Social significance SHR criteria (d) Representativenes s

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SHR criteria (g)

Integrity

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HERITAGE LISTINGS
Heritage listing/s

INFORMATION SOURCES Include conservation and/or management plans and other heritage studies.
Type Written Author/Client Don Reynolds, Geoff Mould and Ron Cairns of AusIIMHC Title Year 2005 Repository authors

RECOMMENDATIONS
Recommendations A social history and oral history should be undertaken for this mine. Include this mine in a historic plaque program. Include in Oral History Program Air shaft to included on the LEP

SOURCE OF THIS INFORMATION
Name of study or report Item number in study or report Author of study or report Inspected by

Strategic Management Plan for Historic Coal Mining Sites of the Illawarra
O.H.M. Consultants

Year of study or report

2005

NSW Heritage Manual guidelines used? This form completed by

Yes x Date 2005

No

M Landau, D McBeath

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IMAGES - 1 per page
Please supply images of each elevation, the interior and the setting.

Image caption Image year

Mt Pleasant Colliery unknown Image by Image copyright holder Department of Mines and Mineral Processing

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ITEM DETAILS Name of Item Other Name/s Former Name/s Item type (if known) Item group (if known) Item category (if known) Area, Group, or Collection Name Street number Street name Suburb/town Local Government Area Property description Location Lat/long If not at a street address Location AMG If not at a street address Owner Current use Former Use Statement of significance Nebo Colliery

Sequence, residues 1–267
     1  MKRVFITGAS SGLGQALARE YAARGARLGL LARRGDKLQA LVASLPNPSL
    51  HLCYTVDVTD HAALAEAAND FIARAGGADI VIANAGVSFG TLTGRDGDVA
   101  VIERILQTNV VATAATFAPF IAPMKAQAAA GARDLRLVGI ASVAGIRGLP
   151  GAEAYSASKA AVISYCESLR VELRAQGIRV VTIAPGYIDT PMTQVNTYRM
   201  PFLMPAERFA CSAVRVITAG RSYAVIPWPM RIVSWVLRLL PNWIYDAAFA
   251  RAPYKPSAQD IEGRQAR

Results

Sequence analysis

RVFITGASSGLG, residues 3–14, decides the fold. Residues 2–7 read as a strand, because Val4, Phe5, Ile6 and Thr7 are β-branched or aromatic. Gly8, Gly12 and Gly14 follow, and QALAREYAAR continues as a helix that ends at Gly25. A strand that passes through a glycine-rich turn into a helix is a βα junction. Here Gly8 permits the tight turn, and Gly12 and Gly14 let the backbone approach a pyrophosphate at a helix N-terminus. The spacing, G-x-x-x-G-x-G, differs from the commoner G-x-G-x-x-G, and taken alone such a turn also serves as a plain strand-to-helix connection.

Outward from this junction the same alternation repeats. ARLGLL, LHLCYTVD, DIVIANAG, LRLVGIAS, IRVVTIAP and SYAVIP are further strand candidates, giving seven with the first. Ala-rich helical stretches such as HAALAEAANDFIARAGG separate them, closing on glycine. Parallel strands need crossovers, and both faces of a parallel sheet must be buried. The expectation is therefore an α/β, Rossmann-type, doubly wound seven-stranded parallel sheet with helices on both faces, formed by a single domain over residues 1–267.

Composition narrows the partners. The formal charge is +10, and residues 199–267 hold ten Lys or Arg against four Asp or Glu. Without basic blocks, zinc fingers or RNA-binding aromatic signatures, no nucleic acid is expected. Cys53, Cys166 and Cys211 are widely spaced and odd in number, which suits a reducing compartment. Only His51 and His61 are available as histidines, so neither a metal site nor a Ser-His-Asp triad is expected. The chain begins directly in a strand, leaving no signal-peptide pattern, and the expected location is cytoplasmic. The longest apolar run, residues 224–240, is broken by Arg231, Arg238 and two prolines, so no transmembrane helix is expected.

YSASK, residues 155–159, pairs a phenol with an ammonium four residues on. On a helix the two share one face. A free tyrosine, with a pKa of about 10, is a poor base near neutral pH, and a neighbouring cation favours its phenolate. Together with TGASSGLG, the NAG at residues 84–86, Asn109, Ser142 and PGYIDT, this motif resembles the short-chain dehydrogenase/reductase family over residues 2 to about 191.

Complex

Mine Machinery & Relics Mining & Mineral Processing

Mount Kembla Wollongong City Mining site Latitude 180 m Longitude

Postcode

Zone

Easting 299035

Northing

6193250

BHP/AIS Surface facilities now reworked and incorporated into Dendrobium Colliery Mining Colliery This site is significant as it was the first mine to be opened as a fully mechanised mine in 1947. It was a green field mine development and its surface facilities were of the most modern design being fully mechanised upon opening. It is also significant for its association with Mt Kembla village and the surrounding area, for its relationship between mines, mining companies and their workers and for the joint ownership of the mine and the associated steel works. Significant for its association with the new Dendrobium Mine for which its facilities were chosen to support. State Local X